July 10, 2008

Houseboats, Marinas Face Tougher State Water Standards

By Mark Prado, The Marin Independent Journal, Novato, Calif.

Jul. 9--OAKLAND -- Houseboat marinas, yacht harbors and cities will face stricter regulations from a state water agency that wants to see Richardson Bay so clean that shellfish can be raised for human consumption.

The plan to rid Richardson Bay of illness-causing microorganisms called pathogens -- typically introduced through human or animal fecal matter -- was approved 7-0 by the San Francisco Bay Regional Water Quality Control Board Wednesday.

"The idea is to keep Richardson Bay safe and for people to enjoy it," said water board planner Farhad Ghodrati.

But some of those affected said the new regulation is excessive.

"We want clean water, but the target has to be realistic, and growing shellfish in these waters is an unrealistic goal," said Stan Barbarich, president of the Floating Homes Association Inc., which represents residents of more than 400 homes in five floating-home marinas on Richardson Bay.

"People should be able to swim, fully submerged in the water, but the idea that someone will grow shellfish here approaches zero," he said.

Richardson Bay has been declared as "impaired" by the U.S. Environmental Protection Agency under the Clean Water Act because of the pathogen count, and is considered not clean enough for fishing or swimming.

The bay, which is used for boating, kayaking, rowing and swimming despite its status, has trouble with pollutants because it is shallow, enclosed on three sides and has minimal tidal flushing.

"We are trying to do the

right thing out there," said John Muller, chairman of the water board, in voting for the plan. "It's a very sensitive area to a lot of people."

The regional water board's plan includes requiring houseboat marina owners to submit a plan to fix poor sewer systems and for recreational marina owners to install adequate pump-out and dump stations.

The plan calls on the county, along with Mill Valley, Sausalito, Belvedere and Tiburon, to implement a stormwater management plan as well.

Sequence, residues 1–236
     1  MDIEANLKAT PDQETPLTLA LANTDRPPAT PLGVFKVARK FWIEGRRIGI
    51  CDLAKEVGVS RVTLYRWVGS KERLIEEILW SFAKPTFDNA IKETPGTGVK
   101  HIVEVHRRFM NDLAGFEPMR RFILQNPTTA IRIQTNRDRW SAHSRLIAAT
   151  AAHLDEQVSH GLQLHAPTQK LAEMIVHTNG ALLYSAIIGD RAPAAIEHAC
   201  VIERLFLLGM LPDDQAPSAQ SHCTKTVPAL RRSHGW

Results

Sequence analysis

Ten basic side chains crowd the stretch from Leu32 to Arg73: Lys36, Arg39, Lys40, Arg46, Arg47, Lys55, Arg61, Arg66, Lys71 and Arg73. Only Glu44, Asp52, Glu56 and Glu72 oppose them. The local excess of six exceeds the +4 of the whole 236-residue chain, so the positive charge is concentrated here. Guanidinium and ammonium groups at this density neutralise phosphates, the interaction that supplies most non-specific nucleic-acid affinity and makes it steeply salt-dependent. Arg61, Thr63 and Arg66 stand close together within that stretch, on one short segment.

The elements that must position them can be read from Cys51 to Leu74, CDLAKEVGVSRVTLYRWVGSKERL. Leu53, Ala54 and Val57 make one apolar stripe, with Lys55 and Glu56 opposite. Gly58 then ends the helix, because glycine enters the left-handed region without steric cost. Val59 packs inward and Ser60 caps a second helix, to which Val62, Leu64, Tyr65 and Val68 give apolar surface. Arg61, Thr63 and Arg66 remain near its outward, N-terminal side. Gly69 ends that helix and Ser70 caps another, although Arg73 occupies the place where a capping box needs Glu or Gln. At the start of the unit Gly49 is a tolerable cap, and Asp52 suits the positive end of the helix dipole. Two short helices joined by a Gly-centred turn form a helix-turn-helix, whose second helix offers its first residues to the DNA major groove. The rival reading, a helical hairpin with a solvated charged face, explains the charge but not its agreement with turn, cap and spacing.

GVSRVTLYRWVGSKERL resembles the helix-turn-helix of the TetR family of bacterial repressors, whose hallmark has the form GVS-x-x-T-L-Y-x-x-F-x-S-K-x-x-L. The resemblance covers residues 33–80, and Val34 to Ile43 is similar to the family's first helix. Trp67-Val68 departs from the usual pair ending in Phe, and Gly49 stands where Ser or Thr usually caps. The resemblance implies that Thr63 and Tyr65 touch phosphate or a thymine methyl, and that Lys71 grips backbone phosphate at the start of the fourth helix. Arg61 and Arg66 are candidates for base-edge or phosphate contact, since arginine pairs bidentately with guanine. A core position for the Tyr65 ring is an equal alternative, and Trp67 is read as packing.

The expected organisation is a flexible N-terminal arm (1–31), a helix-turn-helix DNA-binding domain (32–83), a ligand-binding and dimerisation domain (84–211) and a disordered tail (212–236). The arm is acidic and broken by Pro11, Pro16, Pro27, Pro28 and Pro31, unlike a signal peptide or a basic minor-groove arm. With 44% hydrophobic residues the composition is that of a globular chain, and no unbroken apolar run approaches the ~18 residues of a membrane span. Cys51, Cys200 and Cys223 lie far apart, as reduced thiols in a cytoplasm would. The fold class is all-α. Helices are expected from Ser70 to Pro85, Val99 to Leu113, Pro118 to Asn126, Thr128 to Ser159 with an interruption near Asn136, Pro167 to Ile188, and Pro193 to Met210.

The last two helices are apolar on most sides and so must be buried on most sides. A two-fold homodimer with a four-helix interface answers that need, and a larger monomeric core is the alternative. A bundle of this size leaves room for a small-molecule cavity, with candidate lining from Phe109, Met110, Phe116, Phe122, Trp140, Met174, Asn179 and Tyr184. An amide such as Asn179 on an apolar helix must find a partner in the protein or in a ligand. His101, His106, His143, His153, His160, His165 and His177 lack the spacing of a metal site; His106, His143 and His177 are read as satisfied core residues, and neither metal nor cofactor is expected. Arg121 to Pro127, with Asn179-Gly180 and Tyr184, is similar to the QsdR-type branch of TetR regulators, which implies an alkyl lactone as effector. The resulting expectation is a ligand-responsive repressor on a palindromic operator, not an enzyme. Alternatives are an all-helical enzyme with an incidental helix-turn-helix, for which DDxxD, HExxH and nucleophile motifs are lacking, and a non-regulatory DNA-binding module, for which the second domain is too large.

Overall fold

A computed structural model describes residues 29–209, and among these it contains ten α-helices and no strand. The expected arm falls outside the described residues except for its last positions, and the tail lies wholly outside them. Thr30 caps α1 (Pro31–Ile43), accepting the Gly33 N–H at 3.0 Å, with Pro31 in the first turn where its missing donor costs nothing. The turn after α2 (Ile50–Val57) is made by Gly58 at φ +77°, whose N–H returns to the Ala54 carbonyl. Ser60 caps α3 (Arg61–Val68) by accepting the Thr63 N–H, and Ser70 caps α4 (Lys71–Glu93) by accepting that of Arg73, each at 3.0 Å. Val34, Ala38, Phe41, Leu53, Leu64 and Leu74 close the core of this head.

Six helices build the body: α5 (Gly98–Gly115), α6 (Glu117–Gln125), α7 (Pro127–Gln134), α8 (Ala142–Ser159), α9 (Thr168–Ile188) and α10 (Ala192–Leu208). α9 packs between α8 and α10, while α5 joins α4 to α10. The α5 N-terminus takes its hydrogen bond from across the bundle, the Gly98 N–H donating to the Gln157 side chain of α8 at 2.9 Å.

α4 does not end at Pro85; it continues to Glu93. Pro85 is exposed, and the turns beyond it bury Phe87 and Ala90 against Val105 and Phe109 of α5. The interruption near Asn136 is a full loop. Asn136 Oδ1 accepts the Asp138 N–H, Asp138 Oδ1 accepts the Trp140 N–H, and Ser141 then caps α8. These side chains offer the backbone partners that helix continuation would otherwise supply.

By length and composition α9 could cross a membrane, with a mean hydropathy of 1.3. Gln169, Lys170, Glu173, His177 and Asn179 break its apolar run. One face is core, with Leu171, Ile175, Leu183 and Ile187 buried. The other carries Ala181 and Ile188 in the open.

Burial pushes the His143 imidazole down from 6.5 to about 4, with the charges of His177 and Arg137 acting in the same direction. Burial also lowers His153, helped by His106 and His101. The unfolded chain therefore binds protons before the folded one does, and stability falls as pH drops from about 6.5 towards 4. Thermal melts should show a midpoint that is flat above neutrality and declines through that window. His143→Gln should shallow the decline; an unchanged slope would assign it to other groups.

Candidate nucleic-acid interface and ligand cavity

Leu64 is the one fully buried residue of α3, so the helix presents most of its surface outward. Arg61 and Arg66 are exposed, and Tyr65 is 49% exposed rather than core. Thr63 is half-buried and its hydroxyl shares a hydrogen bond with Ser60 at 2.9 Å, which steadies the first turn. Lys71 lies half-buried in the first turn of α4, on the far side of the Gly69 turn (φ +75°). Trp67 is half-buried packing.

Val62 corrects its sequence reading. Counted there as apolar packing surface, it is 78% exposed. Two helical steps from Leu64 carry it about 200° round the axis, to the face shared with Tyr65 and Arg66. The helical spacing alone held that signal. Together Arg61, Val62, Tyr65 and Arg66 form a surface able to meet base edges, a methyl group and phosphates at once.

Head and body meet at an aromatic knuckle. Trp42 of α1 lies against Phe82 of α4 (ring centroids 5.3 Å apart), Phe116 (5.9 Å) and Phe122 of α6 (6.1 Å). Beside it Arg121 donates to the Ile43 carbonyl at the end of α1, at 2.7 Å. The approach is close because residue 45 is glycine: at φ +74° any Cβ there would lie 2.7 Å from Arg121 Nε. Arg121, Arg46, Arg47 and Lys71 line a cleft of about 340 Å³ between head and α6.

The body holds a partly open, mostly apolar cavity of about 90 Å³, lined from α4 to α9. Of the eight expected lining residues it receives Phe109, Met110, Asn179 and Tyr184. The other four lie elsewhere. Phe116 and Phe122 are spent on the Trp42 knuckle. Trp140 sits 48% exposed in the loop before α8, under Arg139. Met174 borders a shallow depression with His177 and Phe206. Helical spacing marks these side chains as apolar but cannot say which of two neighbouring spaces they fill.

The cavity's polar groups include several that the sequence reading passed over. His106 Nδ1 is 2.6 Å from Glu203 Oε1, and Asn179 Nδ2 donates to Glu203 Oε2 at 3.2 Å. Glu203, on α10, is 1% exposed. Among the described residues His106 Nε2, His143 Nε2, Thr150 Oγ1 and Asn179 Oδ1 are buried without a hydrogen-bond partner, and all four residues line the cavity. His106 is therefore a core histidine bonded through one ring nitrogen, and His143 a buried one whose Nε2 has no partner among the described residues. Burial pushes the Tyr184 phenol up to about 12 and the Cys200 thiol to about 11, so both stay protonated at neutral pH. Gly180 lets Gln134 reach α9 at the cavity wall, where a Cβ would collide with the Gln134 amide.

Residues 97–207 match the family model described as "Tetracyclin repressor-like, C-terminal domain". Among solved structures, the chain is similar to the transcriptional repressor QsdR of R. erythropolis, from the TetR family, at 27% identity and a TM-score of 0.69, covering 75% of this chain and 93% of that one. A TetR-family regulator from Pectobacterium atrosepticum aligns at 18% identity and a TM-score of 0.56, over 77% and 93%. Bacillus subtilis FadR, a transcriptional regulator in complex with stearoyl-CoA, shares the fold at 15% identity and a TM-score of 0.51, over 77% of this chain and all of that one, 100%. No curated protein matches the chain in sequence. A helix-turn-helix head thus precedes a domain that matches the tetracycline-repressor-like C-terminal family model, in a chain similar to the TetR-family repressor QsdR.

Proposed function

Beginning in 2013, the board will track compliance with the threat of action if parties do not cooperate, although penalties have yet to be determined.

Sausalito officials said they are working toward a plan, and the Sausalito Yacht Harbor said it believes it is in compliance.

"We already have stringent standards here," said Jim Madden, harbor manager.

Madden wondered how much impact there is on water quality from the feces of birds, seals and other animals that turn his docks white. He also noted material from Highway 101 and releases from sewer agencies end up in the bay.

"We are the dumping ground here," Madden said, "and it seems like we are being held to a higher standard than others."

In January, the Sewerage Agency of Southern Marin spilled more than 5 million gallons of sewage into Richardson Bay in a six-day period in two incidents as rainwater overwhelmed its system. Other agencies in the area are also having problems controlling wastewater during rainy periods, but the water board did not include them in the plan because they are already regulated.

A state water board member from Southern Marin said the board should aim to bring water quality to the highest possible level.

"We should not take shellfish harvesting off the table," said Steven Moore of Sausalito. "At one time the bay was a bread basket, a food source."

Contact Mark Prado via e-mail at [email protected]

Read more Sausalito & Marin City stories at the IJ's Sausalito, Marin City section.


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